Supplemental Nutrition Assistance Program
SNAP Resources for Families and Individuals
SNAP is designed to respond quickly and efficiently to increases in need, such as job loss across the state and reduced work hours that leave Tennesseans with less pay. More than two-thirds of SNAP participants are in families with children, and a third are in households with seniors or people with disabilities. Scroll down to find out if you may be eligible to receive SNAP benefits.
- Help to stretch your food budget
- Not intended to meet a household’s entire food needs. It is a supplement.
- Tips for stretching your SNAP resources:
- Fresh EBT: https://www.freshebt.com/blog/tips-make-ebt-food-stamp-benefits-last-longer/
- USDA Eat Right When Money is Tight: https://snaped.fns.usda.gov/nutrition-education/nutrition-education-materials/eat-right-when-moneys-tight
Are you a senior age 60+ who needs help buying groceries? SNAP (Food Stamps) might be able to help. Contact us for or more information and a free eligibility screening. Call 615-675-9840 today!
WHO USES SNAP?
Click or tap each question below to see the answer. If you would like to see a flyer of all SNAP Frequently Asked Questions that you can download and share, click here.
The Supplemental Nutrition Assistance Program (SNAP), formerly called Food Stamps, provides money for low-income families to buy groceries. Eligible families receive an Electronic Benefit Transfer (EBT) card that they can use to buy food. EBT cards are like a debit or credit card and are swiped by the cashier at check-out. Money is loaded onto the card each month.
SNAP eligibility is determined by how much money you make. Find the income limits by household size here. For example, a household of 4 must make less than $710 per week, or $2,839 per month. The SNAP application looks at both gross and net income. Gross income is how much money you make before you pay taxes and bills. Net income is calculated from your gross income by deducting things like your rent/mortgage, utility bills, telephone bill, and medical bills if you are a senior or disabled. There is also an asset limit to be eligible for SNAP. Households without an elderly or disabled member must have assets of $2,250 or less, and households with an elderly or disabled member must have assets of $3,500 or less.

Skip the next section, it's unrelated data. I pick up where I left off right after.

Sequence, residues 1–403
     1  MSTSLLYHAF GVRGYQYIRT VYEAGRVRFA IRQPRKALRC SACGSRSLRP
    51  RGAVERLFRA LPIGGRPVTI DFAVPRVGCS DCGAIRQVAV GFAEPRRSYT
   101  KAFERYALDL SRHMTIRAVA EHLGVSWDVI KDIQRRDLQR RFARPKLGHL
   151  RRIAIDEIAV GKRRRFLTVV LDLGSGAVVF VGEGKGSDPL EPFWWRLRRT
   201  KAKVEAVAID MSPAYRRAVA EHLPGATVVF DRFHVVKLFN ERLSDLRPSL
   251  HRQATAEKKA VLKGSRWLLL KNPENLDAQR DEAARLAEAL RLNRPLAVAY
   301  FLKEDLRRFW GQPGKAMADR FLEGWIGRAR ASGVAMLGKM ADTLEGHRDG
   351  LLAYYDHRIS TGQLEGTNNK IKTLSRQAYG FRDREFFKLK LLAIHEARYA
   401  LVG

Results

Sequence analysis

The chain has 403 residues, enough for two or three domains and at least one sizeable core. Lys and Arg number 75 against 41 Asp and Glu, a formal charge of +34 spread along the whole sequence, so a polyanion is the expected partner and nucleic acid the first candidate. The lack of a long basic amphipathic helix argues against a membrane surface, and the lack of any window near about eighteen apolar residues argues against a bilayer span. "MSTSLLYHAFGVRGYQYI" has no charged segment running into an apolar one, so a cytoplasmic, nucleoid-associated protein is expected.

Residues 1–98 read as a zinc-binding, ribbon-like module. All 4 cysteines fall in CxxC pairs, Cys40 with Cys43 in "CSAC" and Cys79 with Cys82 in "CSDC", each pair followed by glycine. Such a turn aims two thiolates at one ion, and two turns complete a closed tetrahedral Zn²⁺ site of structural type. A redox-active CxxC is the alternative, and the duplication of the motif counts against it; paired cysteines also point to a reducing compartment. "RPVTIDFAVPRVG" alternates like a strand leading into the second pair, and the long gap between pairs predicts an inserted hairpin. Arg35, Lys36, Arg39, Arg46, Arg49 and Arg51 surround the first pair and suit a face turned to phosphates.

To apply for SNAP you can fill out a paper application in person at your local SNAP office, or send it by mail, or you can apply online here. Pick up a paper copy at your county SNAP office and mail it in later, or complete it there. Find your local SNAP office here. PANDEMIC Exception: Due to COVID-19, most SNAP offices are closed, so call for an appointment. Get help filling out the SNAP application from an organization here, or watch our SNAP application how-to video here.
After you complete the SNAP application, a DHS caseworker will contact you by phone or mail to request certain documents to verify your application. These documents may include a copy of a birth certificate, proof of residence, proof of income (check stubs), bank statements, utility bills, and rent/mortgage agreements. After you submit these documents, you will complete an interview to finalize the application process. If you are eligible, a SNAP EBT card will be mailed to you.
SNAP considers a household to be a group of people who live in a home and pay for food together. You do not have to be related to be considered a part of the same household. Individuals who live with roommates and want to apply for SNAP can apply as a household of one, if they pay for their food separately. Certain seniors and individuals with disabilities may count as a household of one if they pay for their food separately, but live with a caretaker-relative who prepares their food.